- Published on Sunday, 03 January 2016 10:32
- Hits: 958
The performance of the collector of course is very dependent on the daily weather. If it is sunny it will perform much much better then on a cloudy day. At the same time also the hours of daylight have an enormous difference in performance; In the winter days are very short and nights are long and the other way around.
The collector shown here, is located a little west of Antwerp in the North of Belgium. As a reference; That is more North then the city of Vancouver.
Below the narrow graph can be seen on a reasonable sunny day just after New Years day in the middle of winter. The collector still gets over 70 DegC, but only for a few hours...
Right next to it is a similar graph of a couple of weeks later, still mid winter the 25th of Januari, but where the days are a little bit longer, and hence performance is already much better. Also the angle of the sun is improved already. The temperature goes higher and the width of the graph is wider. (The dent in the graph is because a tree is blokking some sun in the middle of the day.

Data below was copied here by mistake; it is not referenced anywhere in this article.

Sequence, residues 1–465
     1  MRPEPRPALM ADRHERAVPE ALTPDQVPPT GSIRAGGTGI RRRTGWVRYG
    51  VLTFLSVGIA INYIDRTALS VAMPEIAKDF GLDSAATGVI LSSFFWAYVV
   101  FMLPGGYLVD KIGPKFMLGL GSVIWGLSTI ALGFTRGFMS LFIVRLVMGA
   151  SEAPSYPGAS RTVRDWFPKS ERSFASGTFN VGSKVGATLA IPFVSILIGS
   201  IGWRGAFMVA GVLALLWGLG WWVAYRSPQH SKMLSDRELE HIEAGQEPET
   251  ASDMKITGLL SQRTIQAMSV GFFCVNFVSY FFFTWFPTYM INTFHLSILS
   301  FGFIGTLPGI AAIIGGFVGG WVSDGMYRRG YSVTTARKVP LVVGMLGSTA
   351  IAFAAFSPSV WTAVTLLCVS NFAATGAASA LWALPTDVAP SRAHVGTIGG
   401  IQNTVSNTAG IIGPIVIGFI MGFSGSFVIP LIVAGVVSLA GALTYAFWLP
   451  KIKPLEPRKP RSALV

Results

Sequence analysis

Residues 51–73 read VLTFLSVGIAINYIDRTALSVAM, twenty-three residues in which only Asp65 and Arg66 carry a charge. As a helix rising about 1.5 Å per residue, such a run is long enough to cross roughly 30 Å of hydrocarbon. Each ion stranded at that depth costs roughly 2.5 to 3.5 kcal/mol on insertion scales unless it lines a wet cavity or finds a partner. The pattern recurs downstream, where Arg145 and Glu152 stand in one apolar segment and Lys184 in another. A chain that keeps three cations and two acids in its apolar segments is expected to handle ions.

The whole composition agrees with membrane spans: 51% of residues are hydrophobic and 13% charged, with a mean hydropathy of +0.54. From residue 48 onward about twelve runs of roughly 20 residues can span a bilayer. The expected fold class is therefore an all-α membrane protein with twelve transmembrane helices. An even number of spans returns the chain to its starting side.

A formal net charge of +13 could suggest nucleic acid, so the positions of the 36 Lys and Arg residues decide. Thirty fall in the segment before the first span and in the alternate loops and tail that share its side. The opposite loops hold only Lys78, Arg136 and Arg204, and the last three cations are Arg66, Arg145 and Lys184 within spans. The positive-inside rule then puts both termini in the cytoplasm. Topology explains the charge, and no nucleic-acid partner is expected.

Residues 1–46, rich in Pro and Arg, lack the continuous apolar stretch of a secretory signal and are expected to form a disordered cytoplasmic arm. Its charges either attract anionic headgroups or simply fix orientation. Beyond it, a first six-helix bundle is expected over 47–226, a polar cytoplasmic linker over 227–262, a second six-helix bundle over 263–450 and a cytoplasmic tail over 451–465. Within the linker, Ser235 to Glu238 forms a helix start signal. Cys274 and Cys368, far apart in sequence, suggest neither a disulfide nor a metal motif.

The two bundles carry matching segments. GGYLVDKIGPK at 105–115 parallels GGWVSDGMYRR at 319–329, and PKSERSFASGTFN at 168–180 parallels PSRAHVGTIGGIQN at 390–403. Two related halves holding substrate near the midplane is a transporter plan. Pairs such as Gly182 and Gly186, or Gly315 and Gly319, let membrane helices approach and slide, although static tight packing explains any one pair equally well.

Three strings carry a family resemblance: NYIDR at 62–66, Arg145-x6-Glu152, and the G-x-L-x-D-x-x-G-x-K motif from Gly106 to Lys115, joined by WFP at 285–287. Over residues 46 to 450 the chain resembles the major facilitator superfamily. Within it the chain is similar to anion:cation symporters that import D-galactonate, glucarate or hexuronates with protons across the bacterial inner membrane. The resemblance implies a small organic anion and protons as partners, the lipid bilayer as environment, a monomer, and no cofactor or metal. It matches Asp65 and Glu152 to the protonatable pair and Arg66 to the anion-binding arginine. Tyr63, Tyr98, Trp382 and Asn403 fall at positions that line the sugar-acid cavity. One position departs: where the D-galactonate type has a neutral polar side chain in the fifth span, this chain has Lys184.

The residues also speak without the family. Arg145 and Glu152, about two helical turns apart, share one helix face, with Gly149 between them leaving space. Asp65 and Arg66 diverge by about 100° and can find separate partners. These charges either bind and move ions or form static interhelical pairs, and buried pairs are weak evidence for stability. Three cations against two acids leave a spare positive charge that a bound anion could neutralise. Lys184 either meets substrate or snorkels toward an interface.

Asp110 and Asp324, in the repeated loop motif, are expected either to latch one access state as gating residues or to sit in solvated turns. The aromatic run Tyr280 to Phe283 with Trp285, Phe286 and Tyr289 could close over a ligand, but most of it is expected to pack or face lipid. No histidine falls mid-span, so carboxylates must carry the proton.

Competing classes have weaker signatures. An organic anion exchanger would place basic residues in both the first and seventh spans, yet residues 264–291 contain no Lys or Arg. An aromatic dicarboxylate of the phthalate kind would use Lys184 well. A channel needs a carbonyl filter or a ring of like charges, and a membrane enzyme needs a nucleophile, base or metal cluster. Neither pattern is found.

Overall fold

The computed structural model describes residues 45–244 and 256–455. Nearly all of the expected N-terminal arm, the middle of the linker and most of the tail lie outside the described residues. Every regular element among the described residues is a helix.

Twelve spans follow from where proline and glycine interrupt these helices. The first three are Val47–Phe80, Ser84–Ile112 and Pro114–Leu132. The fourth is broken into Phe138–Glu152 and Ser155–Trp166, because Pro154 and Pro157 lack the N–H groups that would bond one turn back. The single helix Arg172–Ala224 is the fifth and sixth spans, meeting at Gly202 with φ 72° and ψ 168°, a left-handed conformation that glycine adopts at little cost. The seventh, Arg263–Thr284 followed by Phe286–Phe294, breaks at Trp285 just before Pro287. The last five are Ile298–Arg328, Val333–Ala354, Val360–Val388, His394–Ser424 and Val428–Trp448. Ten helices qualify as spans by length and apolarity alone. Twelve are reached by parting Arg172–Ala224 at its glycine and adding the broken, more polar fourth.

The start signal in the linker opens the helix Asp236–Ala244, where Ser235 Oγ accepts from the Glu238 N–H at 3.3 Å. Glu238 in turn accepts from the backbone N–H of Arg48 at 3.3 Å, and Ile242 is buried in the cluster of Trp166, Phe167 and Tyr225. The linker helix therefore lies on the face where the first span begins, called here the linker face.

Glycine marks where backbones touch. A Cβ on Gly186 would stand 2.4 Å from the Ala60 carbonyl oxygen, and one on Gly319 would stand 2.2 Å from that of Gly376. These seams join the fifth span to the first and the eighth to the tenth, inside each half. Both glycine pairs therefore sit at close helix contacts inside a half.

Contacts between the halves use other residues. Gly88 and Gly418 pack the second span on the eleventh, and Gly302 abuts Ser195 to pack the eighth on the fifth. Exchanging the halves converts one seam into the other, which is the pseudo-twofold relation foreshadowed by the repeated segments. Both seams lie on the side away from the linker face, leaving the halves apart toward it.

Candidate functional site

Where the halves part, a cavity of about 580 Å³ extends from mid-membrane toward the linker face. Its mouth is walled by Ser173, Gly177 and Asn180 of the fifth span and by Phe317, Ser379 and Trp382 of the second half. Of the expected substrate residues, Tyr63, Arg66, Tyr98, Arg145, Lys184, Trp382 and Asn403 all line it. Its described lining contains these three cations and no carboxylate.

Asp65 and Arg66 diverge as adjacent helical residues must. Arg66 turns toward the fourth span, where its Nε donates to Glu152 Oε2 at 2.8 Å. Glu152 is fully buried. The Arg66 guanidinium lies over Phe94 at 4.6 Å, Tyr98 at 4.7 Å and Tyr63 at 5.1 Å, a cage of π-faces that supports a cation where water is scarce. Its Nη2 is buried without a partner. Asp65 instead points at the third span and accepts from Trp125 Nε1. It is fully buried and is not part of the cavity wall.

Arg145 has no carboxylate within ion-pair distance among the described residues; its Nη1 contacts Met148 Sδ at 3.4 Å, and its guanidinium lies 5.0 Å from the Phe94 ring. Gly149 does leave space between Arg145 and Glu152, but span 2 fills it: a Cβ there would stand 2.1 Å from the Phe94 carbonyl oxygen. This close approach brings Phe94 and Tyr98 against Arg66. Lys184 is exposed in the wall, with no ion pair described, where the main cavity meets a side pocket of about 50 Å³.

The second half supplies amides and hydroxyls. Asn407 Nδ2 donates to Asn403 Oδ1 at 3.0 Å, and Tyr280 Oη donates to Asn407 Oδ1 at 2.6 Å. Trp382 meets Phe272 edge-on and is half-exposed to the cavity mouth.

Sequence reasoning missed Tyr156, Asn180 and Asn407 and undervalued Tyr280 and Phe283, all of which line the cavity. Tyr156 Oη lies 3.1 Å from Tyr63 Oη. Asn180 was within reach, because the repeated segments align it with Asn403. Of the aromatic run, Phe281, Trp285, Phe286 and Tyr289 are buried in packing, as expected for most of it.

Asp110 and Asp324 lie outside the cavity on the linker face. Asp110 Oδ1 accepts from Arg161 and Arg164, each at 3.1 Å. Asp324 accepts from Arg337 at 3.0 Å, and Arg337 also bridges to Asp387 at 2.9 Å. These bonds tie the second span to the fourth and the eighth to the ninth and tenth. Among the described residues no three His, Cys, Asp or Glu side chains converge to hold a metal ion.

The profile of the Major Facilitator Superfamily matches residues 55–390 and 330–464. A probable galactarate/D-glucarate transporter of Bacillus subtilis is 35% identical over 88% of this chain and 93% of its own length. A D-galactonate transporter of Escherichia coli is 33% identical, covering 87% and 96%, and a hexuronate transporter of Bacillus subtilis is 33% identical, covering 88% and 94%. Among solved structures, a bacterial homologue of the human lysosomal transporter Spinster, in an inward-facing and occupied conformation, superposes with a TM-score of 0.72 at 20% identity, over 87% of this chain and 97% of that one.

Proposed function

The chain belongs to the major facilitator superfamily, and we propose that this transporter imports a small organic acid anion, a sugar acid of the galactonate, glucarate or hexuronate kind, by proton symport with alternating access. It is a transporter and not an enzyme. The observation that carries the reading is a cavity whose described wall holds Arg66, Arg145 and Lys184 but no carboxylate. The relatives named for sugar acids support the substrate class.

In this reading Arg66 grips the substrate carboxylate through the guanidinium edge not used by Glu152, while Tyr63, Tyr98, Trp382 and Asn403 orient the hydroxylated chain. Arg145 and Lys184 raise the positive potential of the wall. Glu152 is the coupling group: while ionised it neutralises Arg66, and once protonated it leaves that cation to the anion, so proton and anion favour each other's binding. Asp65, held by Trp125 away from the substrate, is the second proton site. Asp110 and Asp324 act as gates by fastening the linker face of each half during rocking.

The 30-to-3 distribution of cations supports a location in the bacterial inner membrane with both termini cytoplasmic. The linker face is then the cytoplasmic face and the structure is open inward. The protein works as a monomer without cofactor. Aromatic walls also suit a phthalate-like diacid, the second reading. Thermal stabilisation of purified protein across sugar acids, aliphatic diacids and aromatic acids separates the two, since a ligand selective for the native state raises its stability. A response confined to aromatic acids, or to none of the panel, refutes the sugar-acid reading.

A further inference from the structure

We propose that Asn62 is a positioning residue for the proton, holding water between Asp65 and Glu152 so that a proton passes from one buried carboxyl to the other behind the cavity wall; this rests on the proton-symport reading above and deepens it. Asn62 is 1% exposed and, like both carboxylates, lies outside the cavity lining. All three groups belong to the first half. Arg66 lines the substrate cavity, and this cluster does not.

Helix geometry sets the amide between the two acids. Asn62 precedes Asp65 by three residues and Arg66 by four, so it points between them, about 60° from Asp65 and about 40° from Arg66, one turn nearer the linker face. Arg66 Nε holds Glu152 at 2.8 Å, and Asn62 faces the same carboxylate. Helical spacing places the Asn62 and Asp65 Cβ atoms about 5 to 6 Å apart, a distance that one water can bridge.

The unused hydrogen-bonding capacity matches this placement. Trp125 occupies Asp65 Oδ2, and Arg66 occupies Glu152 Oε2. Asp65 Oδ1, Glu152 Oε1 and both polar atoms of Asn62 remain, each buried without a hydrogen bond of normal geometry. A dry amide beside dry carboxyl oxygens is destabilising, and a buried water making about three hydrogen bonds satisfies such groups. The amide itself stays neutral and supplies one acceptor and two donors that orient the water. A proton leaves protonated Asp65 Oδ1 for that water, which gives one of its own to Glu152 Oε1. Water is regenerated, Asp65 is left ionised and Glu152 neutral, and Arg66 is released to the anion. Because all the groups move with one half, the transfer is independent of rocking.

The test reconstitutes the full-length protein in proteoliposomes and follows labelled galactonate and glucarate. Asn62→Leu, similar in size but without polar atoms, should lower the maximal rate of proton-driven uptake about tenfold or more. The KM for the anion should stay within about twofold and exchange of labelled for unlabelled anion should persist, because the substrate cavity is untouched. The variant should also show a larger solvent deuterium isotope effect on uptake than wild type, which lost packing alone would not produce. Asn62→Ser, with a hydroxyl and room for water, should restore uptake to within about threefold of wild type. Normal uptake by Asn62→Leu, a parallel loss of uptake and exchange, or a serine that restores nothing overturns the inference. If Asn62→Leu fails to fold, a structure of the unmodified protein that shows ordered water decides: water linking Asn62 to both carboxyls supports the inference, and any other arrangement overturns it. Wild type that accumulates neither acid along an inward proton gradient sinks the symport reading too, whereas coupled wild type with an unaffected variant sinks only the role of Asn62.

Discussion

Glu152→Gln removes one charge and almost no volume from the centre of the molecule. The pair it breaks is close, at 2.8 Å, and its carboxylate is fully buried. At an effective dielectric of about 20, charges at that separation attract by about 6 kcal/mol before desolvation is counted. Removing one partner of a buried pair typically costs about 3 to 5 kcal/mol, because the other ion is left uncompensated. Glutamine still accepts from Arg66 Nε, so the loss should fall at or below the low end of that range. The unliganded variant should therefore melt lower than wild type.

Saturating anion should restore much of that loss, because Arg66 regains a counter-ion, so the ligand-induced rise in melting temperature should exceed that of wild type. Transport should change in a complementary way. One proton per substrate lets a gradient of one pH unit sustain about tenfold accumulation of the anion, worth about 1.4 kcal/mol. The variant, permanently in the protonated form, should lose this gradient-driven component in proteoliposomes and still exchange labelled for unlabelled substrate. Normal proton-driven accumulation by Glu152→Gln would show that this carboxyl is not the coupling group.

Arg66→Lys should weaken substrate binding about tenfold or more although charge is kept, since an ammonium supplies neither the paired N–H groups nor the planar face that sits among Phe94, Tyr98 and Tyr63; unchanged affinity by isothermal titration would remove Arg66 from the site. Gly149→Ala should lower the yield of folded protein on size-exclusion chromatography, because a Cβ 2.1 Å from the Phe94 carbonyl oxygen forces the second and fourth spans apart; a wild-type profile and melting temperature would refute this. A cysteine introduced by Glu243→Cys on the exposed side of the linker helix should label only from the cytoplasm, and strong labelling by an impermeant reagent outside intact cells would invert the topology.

Below you can see the calculated data for the same dates... As you can see it is a difference of about 18 kWh of energy versus 42 kWh. More the double already. It has to be said that both dates were very sunny days. Other days the output remained zero for a full day!...
Yet since it is more the hours of sun then really the temperature that defines performance, the best result is to be expected in the spring time. At the spring the days are the longest, while the heat is needed the most. In the summer days are already shortening and the heat is less needed. By comparison to graphs of other systems (like PV-cells), it seems save to say that at the end of spring the expected output will be 10x the output of winter time. Once the graph of spring time comes available it will be posted.